The report recommends acknowledging the impact of institutional and systemic racism as a crucial step towards addressing this issue. A systems thinking approach requires interventions that examine the historical, social, and cultural factors that contribute to these disparities and to develop targeted strategies that address the unique needs and strengths of these communities.

What role does the community play in reducing crime rates?

Community-led initiatives play a critical role in this process and have already demonstrated their effectiveness in reducing crime rates among young people. Indigenous leaders, such as Palawa elder and Amnesty International Australia advisor Rodney Dillion, have shown strong support for reinvesting funds from corrections budgets into local community-led initiatives.

By focusing on community-led and, in many cases, Indigenous-led solutions, justice reinvestment acknowledges the importance of local knowledge and cultural context in addressing the unique needs and strengths of these communities. This aligns with the child rights principle of non-discrimination, ensuring that all children, including those from marginalised communities, receive the support they need.

To summarise, adopting a child rights approach to youth justice in Australia is not only essential for respecting the rights of children and young people but also for achieving the system's intended outcomes of reducing offending, improving community safety, and providing opportunities for rehabilitation.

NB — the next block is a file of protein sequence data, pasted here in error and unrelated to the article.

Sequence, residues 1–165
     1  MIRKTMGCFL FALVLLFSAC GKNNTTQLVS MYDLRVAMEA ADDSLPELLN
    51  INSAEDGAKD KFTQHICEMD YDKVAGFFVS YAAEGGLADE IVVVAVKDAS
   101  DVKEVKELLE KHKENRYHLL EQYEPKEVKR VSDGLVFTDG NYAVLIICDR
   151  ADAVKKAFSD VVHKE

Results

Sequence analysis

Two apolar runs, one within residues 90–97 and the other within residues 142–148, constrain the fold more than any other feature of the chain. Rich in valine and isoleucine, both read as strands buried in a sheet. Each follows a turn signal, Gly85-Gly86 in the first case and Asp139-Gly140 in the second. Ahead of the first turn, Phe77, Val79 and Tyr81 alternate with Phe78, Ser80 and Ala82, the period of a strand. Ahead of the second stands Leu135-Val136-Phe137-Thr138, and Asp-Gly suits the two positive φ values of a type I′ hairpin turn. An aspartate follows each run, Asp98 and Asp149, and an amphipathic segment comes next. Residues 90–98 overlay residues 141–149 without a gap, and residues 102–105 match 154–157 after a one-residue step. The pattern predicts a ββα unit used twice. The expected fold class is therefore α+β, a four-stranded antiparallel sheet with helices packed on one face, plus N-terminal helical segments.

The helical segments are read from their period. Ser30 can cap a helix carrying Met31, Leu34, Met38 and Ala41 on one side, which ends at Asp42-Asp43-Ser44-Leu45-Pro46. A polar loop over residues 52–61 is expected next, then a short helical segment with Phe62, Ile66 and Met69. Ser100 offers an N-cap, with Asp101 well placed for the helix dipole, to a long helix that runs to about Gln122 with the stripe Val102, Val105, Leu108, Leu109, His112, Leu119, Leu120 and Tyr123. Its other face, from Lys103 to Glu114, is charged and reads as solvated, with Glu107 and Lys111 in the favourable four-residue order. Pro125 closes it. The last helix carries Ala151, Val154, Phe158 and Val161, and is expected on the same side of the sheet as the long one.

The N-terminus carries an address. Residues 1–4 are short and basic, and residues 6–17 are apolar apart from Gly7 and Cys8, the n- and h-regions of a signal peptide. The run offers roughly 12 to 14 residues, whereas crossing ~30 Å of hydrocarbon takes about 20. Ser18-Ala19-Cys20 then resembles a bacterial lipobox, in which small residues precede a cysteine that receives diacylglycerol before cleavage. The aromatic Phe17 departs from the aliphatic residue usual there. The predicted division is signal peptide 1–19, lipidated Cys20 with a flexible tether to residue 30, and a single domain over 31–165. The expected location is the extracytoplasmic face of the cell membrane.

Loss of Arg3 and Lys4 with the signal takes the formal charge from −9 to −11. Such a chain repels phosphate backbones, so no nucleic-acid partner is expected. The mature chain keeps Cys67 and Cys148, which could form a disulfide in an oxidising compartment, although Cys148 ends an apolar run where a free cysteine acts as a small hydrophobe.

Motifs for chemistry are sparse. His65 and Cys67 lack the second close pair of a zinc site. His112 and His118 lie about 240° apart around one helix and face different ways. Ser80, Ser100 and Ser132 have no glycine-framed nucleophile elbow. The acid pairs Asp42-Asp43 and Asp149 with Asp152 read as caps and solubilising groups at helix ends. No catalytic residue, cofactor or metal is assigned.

The report "Putting children first: A rights respecting approach to youth justice in Australia" provides a valuable roadmap for this transformative system change. By adopting a child rights approach and considering the system as a whole, we can see the interconnectedness of various components within the youth justice system and work collaboratively to create a more effective, rights-respecting, and equitable system for all children and young people.


Dr Rhiannon Parker is a Research Fellow at the Centre for Social Impact UNSW. She is a qualitative researcher whose work focuses on the intersections of social justice, health, and education.